Thursday, June 30, 2011
Manmohan Singh at last finds his voice
His opening remarks are more likely to be taken as read, that is not read
New Delhi: What the television news channels have been showing on the ticker were the answers he gave during his interaction with some of the editors on Wednesday, a last-ditch attempt as it were to save his face and that of his party and his government. The answers were indeed weak and even diffident.
But what is of more interest and greater importance are his opening remarks which show Singh in his element. He is professorial, professional, knowedgeable and who understands the inherent uncertainties of any situation, what economists would call 'incomplete information'.
Singh struck a forceful and even a personal anecdote from his days as a student in the University of Cambridge, citing the remarks of Sir Paul Chambers, chairman of Imperial Chemical Industries. The industrialist had apparently told the the students, of whom the prime minister was one, “...in an uncertain world in which we live, if 5 out of 10 decision I take ex-ante turn out to be correct ex-post that would be considered a job well done.”
And he prefaced this anecdote with his own formulation: “...I would like to tell you that if you are taking governmental decisions, particularly big macro decisions, we don't know all the facts and yet we have to take decisions.”
He pressed home his point when he said pointedly that the Comptroller and Auditor General and a parliamentary committee have more facts with them than with the people when they took a decision. This is certainly a professorial argument which might not satisfy the political opponents and even the ordinary people. But Singh has taken a stance and he is speaking in the language he knows – that of his theoretical assumption, so dear to economists.
The un-ideological man that he is, he said that whatever the ideological morrings of any political party, it is difficult for any one of them to satisfy the aspirations of miilions of people who want to get out of pverty, disease and ignorance except through a rapidly expanding economy which can create 10 to 12 million jobs, and this cannot be done except through skilled citizens and systems of skill formation.
This is abstract language in the xtreme, but it is good that Singh has spoken it because the people will at last know that they are indeed dealing with a don of a different class from the one we are used to in iour metros and outside places of learning.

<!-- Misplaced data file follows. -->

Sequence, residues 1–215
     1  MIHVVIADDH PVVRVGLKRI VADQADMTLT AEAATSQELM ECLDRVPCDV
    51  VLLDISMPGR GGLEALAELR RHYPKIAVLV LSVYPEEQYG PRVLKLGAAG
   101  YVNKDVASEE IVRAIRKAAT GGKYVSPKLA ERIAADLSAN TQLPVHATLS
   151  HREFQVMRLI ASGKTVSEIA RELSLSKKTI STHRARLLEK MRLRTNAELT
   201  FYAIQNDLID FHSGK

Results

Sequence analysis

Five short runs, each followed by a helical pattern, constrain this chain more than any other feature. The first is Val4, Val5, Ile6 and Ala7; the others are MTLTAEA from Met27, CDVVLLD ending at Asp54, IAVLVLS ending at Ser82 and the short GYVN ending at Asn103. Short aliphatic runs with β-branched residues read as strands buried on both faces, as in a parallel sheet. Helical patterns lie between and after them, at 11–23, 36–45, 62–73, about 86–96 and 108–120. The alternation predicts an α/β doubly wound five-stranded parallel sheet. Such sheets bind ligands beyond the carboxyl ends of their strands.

Admitting the need to curb corruption and trace the criminal elements, he said, “But in all these my worry is to avoid a situation when we convert this vast country of over 1.2 billion people into a state where everybody is policing everybody else. We must not bring back the license permit raj which we sought to abolish in 1991. “
And he went on to say, “I think our nation has prospered as a result of that. If you look at the list of top 100 firms today you will find a sea change in that list today. New entrepreneurs have come into the list. These are some of the gains of liberalization which we must cherish, we must nurse and we must develop.”
And in an uncharacteristically aggressive note, he accused the media of being the accuser, the prosecutor and the judge.
The most personal note of his statement was his confession that he had been a bureaucrat and bureaucrats should not all be tarnished with the same brush. “But quite frankly I have been a civil servant all my life, except the last 20 years. What surprises me is not that there are corrupt civil servants but that despite all the temptations, so many of our civil servants remain honest and lead frugal lives and this is the mainspring that we have to tap.”
Manmohan Singh made a mistake. He has spoken rather well, indeed very well, rather late in the day. Instead of baring his heart and mind, thoughts and feelings to the people of the country, he gave out these written remarks to a small group of editors.
P.V.Narasimha Rao made a fighting speech in defense of secularism in Lok Sabha in 1996 after Congress lost the election. The wags remarked, “If only he had made this speech earlier.” Possibly, the same will be said of Singh as well.
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